Introducing a very old friend...

Introducing a very old friend...

Several years ago I found myself wandering a little lost on former farmland near our house and I stumbled upon the most incredible tree I have ever seen. It is an oak and it’s simply massive! We measured it using the method recommended by the Woodland Trust and found that its circumference is 6m 70cm which makes it over 500 years old! Just think of all that this tree has seen! It was a sapling before King Henry VIII was born! 

During lockdown I began daily pilgrimages to the oak. Looking up into its massive reaching branches and leaning against its trunk became essential grounding in an otherwise unsettling time. The land on which it stands was completely overgrown and the wildness and wildlife was an incredible treat in these intensively farmed fen flatlands. 

wise old oak 1Then in the midst of lockdown came the news that the farmhouse and its land, including where the oak stands was up for sale. And of course as it is privately owned, access to the public could be stopped at any time, the land could be developed and the tree could even be chopped down.

This was like punch in the guts in the midst of a very challenging time. Obviously I wasn’t the only one who felt this way because the village rallied. There was much concern locally about the future of the site. The wild fields are home to turtle doves, foxes, badgers, rabbits, deer, goldfinches, water voles and a myriad of other native creatures. 

wise ols oak 4Thankfully this ended us as a good news story, Abbey Fields group was formed and managed to buy two out of the three parts that the land had been divided into; for the community to preserve it as a wild refuge.

The old oak was an obvious subject for a series of paintings. Not only did my daily visits to it keep me sane, but the actual painting process, getting up each morning before my family woke up to steel some hours in the studio in the frosty morning light was a discipline that literally helped me cope with the stresses and demands of lockdowns.

wise old oak 5I have tried to capture the feeling of the tree’s enormity, looking up into the canopy, the subtle colours and textures in its bark, the tingly feeling that the tree gives me when I stand next to it, or in its hollow. The sensation that it’s somehow communicating is represented with a subtle white layer of pattern that reaches out from the branches.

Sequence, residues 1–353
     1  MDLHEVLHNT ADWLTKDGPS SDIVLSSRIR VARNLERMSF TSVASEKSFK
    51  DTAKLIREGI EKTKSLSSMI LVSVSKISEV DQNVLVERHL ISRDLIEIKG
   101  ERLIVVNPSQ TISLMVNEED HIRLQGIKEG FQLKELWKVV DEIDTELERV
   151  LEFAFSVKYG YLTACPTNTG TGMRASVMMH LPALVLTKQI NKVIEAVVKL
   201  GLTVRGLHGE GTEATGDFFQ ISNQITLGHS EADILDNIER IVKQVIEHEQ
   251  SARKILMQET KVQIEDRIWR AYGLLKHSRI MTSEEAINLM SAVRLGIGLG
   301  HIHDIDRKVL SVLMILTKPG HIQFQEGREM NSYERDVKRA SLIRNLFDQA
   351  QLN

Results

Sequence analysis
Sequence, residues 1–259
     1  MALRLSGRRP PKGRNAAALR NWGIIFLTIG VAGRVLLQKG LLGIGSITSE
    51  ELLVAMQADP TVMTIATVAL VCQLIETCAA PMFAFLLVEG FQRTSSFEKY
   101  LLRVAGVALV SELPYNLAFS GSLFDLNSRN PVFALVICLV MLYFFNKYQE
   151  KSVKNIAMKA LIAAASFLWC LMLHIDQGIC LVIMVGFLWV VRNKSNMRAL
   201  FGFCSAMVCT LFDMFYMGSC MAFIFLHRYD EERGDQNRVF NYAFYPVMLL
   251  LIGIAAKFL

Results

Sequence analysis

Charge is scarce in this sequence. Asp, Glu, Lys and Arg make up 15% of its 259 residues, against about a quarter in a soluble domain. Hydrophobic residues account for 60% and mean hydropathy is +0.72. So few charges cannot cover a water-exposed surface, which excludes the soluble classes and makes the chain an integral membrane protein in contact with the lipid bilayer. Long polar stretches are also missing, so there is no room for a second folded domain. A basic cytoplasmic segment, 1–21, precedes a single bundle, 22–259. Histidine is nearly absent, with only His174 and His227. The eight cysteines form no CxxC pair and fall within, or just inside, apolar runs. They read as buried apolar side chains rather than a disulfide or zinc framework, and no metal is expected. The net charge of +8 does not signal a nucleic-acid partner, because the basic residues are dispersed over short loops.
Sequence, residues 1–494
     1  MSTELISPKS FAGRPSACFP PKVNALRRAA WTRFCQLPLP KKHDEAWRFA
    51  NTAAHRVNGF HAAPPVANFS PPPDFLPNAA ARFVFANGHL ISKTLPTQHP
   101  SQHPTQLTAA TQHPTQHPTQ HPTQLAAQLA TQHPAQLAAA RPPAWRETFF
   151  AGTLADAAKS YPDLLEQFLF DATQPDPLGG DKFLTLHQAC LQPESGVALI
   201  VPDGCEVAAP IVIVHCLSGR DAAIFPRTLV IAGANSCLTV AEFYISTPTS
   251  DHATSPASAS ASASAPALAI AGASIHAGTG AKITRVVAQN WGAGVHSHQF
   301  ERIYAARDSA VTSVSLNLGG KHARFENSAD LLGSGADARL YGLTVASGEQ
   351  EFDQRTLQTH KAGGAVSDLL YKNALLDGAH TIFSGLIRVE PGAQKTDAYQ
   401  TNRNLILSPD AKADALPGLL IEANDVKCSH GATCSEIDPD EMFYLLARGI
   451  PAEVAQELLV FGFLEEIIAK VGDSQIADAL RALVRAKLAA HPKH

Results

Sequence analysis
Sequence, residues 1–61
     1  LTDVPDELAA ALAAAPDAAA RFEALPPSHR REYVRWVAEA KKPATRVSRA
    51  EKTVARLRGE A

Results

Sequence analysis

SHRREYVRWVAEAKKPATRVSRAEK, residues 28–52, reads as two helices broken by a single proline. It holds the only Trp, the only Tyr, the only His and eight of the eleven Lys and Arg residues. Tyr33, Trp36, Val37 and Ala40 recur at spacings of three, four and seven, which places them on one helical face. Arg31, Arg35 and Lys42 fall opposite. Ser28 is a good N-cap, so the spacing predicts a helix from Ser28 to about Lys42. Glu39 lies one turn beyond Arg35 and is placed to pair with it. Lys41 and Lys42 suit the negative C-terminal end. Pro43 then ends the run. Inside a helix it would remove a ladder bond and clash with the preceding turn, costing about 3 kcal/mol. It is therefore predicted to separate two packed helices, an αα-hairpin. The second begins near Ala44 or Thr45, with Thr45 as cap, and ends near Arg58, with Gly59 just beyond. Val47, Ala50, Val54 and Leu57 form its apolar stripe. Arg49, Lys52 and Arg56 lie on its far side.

It is humbling and precious to be allowed to revere this ancient warden of East Anglia. It has lived through many periods of human turmoil and persists with its cycle of seasons, helping us feel the transience of our situation. But whilst it might feel like a permanent guardian of the area its future and fortune depends on us; often fickle and irreverent humans. That it stands on private land is a blessing and a curse. It has not been "managed" so the three of its massive branches it shed were left to rot down to feed it. However, there are nails hammered into the trunk, graffiti scratched into the bark, metal and other rubbish high up in its canopy. Some fool actually started a fire in its hollow trunk; more than once! Amazingly the tree survived, but it bears scorch marks to tell the tale.

wise old oak 2Whatever is in store for this old soul, these paintings are my offering of gratitude to the tree and a record of the solace it brought me during the bleak winter of the Covid pandemic.

Click on the paintings to see how each was created, or click here to see an introduction to the collection. 

Check out the Original Paintings or High Quality Art Prints and Greetings cards and notebooks

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